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Giving Tuesday: Edmonton man in clinical cancer trial thanks to donations from Albertans

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It's Giving Tuesday, and because many Canadians are likely to donate less this year because of inflation, charities are issuing a reminder of why those donations are so important.

Mike Zurawell was diagnosed with diffuse large B-cell lymphoma last November.

He had a 24-centimetre tumour growing in his abdomen.

Doctors told him if the cancer hadn't been detected, he would have died within days.

"Once I was admitted into the hospital, one of the doctors that was there told us that 'You were about a week away from dying.' And that was very earth shattering," Zurawell told CTV News Edmonton.

His cancer is more complex than many and treatment options are limited.

He's now part of a clinical trial, thanks to the Alberta Cancer Foundation.

"Clinical trials in Alberta are 100 per cent supported by donors," Ryan Kelly of the Alberta Cancer Foundation said.

"Clinical trials really provide that pathway for people who have really complex or difficult cancers to treat. Everybody's familiar with radiation and chemotherapy and surgery as the more common pathways for cancer. But clinical trials are really how we help people who, for whatever reason, those treatments just don't work."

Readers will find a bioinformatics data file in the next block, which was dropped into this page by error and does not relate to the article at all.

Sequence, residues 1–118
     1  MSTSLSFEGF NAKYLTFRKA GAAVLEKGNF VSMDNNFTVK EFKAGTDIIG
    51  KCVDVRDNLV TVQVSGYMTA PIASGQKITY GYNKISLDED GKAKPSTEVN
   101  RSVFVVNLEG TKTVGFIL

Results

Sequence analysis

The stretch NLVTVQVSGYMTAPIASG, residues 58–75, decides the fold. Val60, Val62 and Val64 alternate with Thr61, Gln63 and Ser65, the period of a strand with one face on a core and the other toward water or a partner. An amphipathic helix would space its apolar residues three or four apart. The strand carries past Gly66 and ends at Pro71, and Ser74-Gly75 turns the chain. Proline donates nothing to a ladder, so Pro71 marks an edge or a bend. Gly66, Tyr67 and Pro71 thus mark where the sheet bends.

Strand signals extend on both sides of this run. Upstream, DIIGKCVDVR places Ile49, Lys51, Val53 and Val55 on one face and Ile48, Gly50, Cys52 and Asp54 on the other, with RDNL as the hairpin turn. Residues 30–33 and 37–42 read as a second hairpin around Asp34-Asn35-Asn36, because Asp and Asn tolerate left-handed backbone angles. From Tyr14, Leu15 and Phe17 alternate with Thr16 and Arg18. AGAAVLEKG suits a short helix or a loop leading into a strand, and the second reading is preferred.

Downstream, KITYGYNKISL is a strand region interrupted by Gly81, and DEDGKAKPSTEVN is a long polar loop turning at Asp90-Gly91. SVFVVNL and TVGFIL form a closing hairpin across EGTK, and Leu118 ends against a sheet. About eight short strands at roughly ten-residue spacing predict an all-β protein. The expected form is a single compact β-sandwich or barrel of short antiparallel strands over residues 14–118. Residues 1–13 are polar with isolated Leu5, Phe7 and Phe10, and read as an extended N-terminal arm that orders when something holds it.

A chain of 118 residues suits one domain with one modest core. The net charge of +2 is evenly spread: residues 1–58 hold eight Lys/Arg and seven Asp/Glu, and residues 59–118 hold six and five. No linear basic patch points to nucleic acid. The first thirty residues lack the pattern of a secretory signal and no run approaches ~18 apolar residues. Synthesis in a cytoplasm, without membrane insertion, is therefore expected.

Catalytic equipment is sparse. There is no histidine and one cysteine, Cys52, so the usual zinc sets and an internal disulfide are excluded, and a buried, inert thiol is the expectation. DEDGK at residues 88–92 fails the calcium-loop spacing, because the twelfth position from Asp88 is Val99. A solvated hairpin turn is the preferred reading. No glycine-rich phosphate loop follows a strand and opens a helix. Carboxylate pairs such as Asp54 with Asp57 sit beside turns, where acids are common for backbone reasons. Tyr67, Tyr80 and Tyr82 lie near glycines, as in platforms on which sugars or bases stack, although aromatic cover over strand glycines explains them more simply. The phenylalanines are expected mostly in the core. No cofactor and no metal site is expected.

The foundation has a goal of raising $300,000 by the end of the year to support patients like Zurawell, and for Giving Tuesday, Basecamp Resorts will match donations to the foundation, up to $30,000.

"[Mike's] story is proof positive of the power of donations and supporting cancer research," Kelly said.

"Mike didn't have a lot of options, and clinical trials now are stepping in to help support him, to help provide hope to him, and ultimately, to provide more moments for him and his family to spend time together."

Zurawell says he's grateful for the opportunity to be part of the trial, and for everyone who donated to the foundation.

"With this trial I don't have a lot of side effects. I don't have a lot of the pains and the side effects that happen with your traditional cancer treatments. So I'm able to do a lot of things that I could do normally, or that I could do before I was diagnosed," he said.

"I'm the direct recipient of donations, and I am here to talk to you today because of those donations that have been made in previous years."

With files from CTV News Edmonton's Miriam Valdes-Carletti 

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